Despite talk of compromise, fiscal deal elusive
Talk of compromise on a broad budget deal greeted returning lawmakers Monday, but agreement still seemed distant as the White House and congressional Republicans ceded little ground on a key sticking point: whether to raise revenue through higher tax rates or by limiting tax breaks and deductions.
House Speaker John Boehner, R-Ohio, pressed his case for revenue derived by reducing tax loopholes rather than raising tax rates on wealthy taxpayers, as President Barack Obama insists.
Boehner, voicing the Republican stance, said: "The American people support an approach that involves both major spending cuts and additional revenue via tax reform with lower tax rates."
At the White House, Obama spokesman Jay Carney reiterated the president's pledge not to sign legislation that extends current tax rates to the top 2 percent of income earners - households with incomes over $250,000. "That is a firm position," Carney said.
Congress and Obama have until the end of the year to avoid across-the-board tax increases that would do away with rates set during the administration of President George W. Bush and restore higher tax rates in place during President Bill Clinton's administration when the economy was robust and the federal government had a budget surplus.
White House and congressional leadership aides said Obama spoke separately with House Speaker John Boehner and Democratic Senate Majority Leader Harry Reid over the weekend. The aides would not reveal details of the conversations. Obama last met with the bipartisan congressional leadership to discuss the fiscal cliff on Nov. 16. No new meetings have been announced.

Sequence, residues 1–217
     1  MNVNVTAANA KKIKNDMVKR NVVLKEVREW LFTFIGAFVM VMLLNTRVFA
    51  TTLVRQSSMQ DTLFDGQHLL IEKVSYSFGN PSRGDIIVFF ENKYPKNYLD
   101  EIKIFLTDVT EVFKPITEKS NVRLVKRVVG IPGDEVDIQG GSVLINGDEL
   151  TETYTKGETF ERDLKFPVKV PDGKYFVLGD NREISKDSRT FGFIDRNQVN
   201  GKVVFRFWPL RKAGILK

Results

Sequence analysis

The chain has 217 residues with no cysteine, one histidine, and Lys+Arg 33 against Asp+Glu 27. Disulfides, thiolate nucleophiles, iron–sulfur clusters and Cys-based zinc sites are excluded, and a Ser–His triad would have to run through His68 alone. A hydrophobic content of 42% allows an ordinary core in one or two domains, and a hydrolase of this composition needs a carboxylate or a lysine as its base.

Boehner and other GOP leaders planned to meet Wednesday with members of a bipartisan coalition of former members of Congress and business leaders that has advocated cuts in spending in major health care programs as well as changes in the tax code to raise more money but also to lower rates.
Obama met with some members of that same coalition earlier this month. Top officials from the U.S. Chamber of Commerce and from the Business Roundtable met with senior White House aides on Monday.
In addition to looming tax hikes, the new year could also result in steep spending cuts in defense and domestic programs. Lawmakers and the White House fear that such a combined "fiscal cliff" would undercut the military and set back an economic recovery. Republicans say that while they are open to revenue increases, Obama also has to agree to reductions in entitlement spending, particularly in massive health care programs such as Medicare and Medicaid.
Carney on Monday said Obama was open to changes in those programs, but said Obama does not want to address Social Security as part of the fiscal cliff discussions.
"The president has long made clear that he is open to discussions about strengthening Social Security as part of a separate track," Carney said, adding that Social Security is not contributing to the deficit.